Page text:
Casa Iteso Clavigero

Calle José Guadalupe Zuno Hernández 2083, Obrera, 44140 Guadalajara, Jal., Mexico

Mexico’s most influential architect—and the only one to receive the Pritzker Prize—Luis Barragán was born and trained in Guadalajara and practiced in the city until he was 34. He then moved to Mexico City, where he achieved fame for his distinctive and colorful approach to modernism, noteworthy also for its emphasis on courtyards and gardens.

Little remains in Guadalajara of Barragán’s early work but one notable exception is the Casa Iteso Clavigero, which now serves as a cultural center for a Jesuit university. While the interiors have been redesigned into gallery spaces, the exteriors have been beautifully preserved. In 1929, when Barragán designed the house, he was still working in a largely regional style, though the house’s bright yellow walls and some ingenious details provide hints of the architectural masterpieces that he would create later in his career. It’s free to walk around the building (as well as enter it, though there are no permanent exhibits related to Barragán) and you can take photos of the exteriors (but none inside the building).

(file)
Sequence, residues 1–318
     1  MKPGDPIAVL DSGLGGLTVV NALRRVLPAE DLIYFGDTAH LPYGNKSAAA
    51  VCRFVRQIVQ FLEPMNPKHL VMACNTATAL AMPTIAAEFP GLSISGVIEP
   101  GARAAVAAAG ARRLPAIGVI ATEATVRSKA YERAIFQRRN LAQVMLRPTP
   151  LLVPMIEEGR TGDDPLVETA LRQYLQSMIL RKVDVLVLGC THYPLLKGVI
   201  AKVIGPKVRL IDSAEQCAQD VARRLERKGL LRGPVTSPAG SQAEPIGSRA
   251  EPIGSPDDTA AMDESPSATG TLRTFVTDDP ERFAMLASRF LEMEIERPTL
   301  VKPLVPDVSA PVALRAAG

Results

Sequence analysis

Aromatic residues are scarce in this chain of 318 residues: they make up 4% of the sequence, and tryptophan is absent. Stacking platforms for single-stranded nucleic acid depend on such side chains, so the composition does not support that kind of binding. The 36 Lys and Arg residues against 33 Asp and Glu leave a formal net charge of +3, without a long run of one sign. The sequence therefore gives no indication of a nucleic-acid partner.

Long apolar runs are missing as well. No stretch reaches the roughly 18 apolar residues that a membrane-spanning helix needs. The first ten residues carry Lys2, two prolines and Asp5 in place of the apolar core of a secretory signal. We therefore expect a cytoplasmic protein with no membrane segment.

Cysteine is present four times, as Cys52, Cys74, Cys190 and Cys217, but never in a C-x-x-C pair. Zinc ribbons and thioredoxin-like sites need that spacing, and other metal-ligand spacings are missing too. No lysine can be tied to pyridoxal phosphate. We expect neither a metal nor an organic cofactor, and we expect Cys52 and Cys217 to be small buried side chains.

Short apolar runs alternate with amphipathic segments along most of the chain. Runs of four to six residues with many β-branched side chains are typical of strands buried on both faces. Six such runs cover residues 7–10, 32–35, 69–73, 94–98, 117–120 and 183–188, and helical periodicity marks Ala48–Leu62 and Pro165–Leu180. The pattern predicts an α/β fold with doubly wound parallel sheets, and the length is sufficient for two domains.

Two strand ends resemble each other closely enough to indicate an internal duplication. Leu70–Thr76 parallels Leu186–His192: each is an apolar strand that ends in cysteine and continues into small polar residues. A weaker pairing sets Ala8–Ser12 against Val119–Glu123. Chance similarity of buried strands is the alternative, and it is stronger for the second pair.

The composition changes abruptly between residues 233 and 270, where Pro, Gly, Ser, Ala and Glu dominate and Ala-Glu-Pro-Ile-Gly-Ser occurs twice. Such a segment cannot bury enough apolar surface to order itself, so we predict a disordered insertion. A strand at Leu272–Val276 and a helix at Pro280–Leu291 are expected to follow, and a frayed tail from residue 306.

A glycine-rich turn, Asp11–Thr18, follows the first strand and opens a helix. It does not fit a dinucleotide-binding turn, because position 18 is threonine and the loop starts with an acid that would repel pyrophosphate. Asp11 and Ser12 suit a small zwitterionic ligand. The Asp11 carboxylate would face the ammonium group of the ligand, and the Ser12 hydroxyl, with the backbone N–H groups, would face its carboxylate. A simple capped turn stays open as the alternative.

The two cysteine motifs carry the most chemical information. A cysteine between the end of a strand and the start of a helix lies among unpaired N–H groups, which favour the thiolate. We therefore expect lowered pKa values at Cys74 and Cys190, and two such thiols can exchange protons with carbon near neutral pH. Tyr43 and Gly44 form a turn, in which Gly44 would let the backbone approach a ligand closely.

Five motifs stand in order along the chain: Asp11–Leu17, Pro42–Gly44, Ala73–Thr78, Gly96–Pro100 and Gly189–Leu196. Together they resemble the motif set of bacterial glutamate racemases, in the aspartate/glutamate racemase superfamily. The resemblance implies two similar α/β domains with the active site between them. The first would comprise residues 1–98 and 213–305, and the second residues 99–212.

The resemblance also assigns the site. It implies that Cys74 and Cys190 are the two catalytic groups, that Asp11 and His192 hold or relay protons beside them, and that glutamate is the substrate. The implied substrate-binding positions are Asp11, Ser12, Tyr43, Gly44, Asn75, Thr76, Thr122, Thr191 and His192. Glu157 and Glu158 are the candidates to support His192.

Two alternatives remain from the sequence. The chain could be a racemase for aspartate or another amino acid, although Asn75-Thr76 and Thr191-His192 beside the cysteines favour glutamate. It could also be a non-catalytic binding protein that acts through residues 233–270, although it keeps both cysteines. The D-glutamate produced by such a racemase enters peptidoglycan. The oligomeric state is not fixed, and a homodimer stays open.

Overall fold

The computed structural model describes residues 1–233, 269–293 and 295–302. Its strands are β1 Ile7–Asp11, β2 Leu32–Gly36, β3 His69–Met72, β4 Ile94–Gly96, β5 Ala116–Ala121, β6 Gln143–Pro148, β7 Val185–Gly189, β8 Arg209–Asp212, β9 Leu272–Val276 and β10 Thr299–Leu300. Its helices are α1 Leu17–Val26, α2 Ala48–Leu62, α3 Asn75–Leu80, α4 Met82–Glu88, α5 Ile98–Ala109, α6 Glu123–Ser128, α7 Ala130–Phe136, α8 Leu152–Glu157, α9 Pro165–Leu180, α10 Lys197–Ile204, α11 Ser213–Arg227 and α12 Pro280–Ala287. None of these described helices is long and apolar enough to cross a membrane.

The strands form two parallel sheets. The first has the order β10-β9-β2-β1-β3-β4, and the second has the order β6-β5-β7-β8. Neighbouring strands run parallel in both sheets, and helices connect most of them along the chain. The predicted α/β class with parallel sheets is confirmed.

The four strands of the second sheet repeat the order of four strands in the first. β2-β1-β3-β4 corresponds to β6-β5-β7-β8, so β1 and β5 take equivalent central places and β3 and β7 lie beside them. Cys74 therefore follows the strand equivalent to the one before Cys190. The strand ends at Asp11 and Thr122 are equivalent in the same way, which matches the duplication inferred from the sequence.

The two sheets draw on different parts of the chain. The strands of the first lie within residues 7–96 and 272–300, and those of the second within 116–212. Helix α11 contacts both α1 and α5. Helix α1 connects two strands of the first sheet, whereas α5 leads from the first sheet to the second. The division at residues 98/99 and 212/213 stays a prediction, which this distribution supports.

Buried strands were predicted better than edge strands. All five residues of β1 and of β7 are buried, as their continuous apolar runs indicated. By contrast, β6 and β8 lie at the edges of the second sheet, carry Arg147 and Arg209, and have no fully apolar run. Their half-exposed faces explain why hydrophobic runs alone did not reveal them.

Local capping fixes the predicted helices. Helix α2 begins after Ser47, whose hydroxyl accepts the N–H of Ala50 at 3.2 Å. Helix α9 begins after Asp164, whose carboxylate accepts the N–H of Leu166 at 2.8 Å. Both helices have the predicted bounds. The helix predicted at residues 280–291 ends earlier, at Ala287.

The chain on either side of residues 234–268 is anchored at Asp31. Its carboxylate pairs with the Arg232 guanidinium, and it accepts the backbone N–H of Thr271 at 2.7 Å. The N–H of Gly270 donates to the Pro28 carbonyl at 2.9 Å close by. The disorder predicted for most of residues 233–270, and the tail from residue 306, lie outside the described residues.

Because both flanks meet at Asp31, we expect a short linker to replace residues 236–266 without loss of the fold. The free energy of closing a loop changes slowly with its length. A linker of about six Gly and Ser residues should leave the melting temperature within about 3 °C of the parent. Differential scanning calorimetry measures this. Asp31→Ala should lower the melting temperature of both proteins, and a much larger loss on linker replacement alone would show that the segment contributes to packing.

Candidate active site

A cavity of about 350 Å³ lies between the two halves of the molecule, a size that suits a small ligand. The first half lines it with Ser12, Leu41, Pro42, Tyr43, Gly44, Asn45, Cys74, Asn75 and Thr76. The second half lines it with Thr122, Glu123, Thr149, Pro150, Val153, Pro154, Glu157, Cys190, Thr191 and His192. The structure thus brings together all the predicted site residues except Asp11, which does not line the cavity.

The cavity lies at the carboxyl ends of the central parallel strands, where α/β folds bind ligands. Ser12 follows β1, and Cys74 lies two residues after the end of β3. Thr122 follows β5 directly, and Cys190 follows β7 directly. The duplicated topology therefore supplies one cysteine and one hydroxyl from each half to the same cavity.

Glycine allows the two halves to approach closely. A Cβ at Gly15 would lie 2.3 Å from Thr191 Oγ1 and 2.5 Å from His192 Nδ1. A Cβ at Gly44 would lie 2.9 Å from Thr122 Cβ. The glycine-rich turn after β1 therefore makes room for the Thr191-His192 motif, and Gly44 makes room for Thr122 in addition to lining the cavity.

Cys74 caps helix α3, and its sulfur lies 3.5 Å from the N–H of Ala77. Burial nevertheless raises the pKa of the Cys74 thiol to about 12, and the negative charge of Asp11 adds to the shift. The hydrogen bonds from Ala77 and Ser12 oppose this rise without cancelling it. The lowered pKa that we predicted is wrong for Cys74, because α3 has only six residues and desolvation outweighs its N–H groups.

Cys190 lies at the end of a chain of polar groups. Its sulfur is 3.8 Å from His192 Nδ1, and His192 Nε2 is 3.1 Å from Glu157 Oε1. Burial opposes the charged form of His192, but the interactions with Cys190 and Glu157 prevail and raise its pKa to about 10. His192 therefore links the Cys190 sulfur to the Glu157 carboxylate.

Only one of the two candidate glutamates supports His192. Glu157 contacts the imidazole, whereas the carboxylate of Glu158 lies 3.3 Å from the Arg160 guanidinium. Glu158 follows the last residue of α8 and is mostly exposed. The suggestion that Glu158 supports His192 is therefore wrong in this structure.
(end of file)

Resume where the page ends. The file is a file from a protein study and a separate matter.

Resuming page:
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Pay Homage to Barragán

One of Guadalajara’s famed native sons was Luís Barragán, winner of the prestigious Pritzker Prize and considered by many scholars and critics to have been Mexico’s best 20th-century architect. Though the majority of his masterworks were built in Mexico City, he designed this house in Guadalajara for his friend and former presidential candidate, Efraín González Luna, between 1929 and 1930. Today, the house is operated by the city’s Jesuit University; it is open to the public as a museum and cultural center. Visitors can take guided tours during which they’ll learn more about Barragán and his particular architectural preoccupations; they can also enjoy temporary art and historical exhibits.

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